Drop tables for items that no longer appear in OpenHAB:

use strict;
use DBI;

my %strItemsFromOpenHAB = ();
        my $strCurrentItem = $_;
close INPUT;

my $dbh = DBI->connect('DBI:mysql:openhabdb;host=DBHOST', 'DBUID', 'DBPassword', { RaiseError => 1 } );

my $sth = $dbh->prepare("SELECT * FROM items");
while (my @row = $sth->fetchrow_array) {
        my $strItemID = $row[0];
        my $strItemName = $row[1];
        if(! $strItemsFromOpenHAB{$strItemName} ){              # If the current item name is not in the list of items from OpenHAB
#               print "DELETE FROM items where ItemID = $strItemID\n";
                print "DROP TABLE Item$strItemID;  # $strItemName \n";

close OUTPUT;


Identify tables that have not been updated in iTooOldInDays days:

use strict;
use DBI;
use Date::Parse;
use Time::Local;

my $iTooOldInDays = 365;

my $iCurrentEpochTime = time();

my @strItems = ();
my $iItems = 0;

my $dbh = DBI->connect('DBI:mysql:openhabdb;host=DBHOST', 'DBUID', 'DBPassword', { RaiseError => 1 } );

my $sth = $dbh->prepare("SELECT * FROM Items");
while (my @row = $sth->fetchrow_array) {
        $strItems[$iItems++] = $row[0];

for(my $i = 0; $i < $iItems; $i++){ my $strTableName = 'Item' . $strItems[$i]; my $sth = $dbh->prepare("SELECT * FROM $strTableName ORDER BY Time DESC LIMIT 1");
        while (my @row = $sth->fetchrow_array) {
                my $strUpdateTime = $row[0];
                my @strDateTimeBreakout = split(/ /,$strUpdateTime);
                my $strDate = $strDateTimeBreakout[0];
                my $strTime = $strDateTimeBreakout[1];

                my @strDateBreakout = split(/-/,$strDate);
                my @strTimeBreakout = split(/:/,$strTime);

                my $iUpdateEpochTime = timelocal($strTimeBreakout[2],$strTimeBreakout[1],$strTimeBreakout[0], $strDateBreakout[2],$strDateBreakout[1]-1,$strDateBreakout[0]);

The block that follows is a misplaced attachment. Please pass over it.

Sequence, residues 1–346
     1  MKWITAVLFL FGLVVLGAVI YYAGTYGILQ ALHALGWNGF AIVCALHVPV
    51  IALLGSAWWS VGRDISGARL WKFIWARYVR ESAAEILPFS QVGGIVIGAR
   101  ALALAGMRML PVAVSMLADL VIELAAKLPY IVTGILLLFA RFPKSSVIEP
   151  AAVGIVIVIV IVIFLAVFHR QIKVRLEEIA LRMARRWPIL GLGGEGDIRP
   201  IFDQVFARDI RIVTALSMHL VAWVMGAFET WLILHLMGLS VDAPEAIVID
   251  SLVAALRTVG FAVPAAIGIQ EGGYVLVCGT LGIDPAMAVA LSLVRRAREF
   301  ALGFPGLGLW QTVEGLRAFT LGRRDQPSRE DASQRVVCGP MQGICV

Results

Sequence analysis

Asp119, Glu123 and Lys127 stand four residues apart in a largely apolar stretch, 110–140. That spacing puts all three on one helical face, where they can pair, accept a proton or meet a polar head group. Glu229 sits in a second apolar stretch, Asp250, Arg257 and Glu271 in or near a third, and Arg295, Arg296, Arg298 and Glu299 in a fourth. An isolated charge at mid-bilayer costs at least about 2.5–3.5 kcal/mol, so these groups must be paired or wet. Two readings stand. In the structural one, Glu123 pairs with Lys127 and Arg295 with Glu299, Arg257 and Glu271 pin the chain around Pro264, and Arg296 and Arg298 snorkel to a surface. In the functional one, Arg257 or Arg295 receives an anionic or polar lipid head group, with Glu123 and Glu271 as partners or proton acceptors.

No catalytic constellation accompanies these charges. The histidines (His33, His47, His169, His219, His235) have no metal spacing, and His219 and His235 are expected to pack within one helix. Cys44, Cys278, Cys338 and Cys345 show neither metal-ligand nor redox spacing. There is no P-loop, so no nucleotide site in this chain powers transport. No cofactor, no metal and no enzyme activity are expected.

my $iTableAge = $iCurrentEpochTime - $iUpdateEpochTime;

                if($iTableAge > ($iTooOldInDays * 86400) ){
                        print "$strTableName last updated $strUpdateTime - $iUpdateEpochTime\n";

close OUTPUT;

Web-Accessible History From OpenHAB MySQL Persistence Database

My husband has wanted a quick/easy way to see the data stored in OpenHAB’s MySQL persistence database, so I put together a very quick (and ugly) PHP page that provides a list of all Items. If you click on an item, you can page through the item’s records. The index.php from the page is available here. You need a web server (I am using Apache on Fedora), PHP (I am using 5.6) and MySQLi (php-mysqlnd package).

This is a bit of paranoia on my part, but even on a page that is ONLY available internally … I don’t like to use an account with read/write access to display data. I create a new user and assign read access:

CREATE USER 'YourUserName'@'localhost' IDENTIFIED BY 'P#ssw0rdH3r3';
GRANT SELECT ON openhabdb.* to 'YourUserName'@'localhost';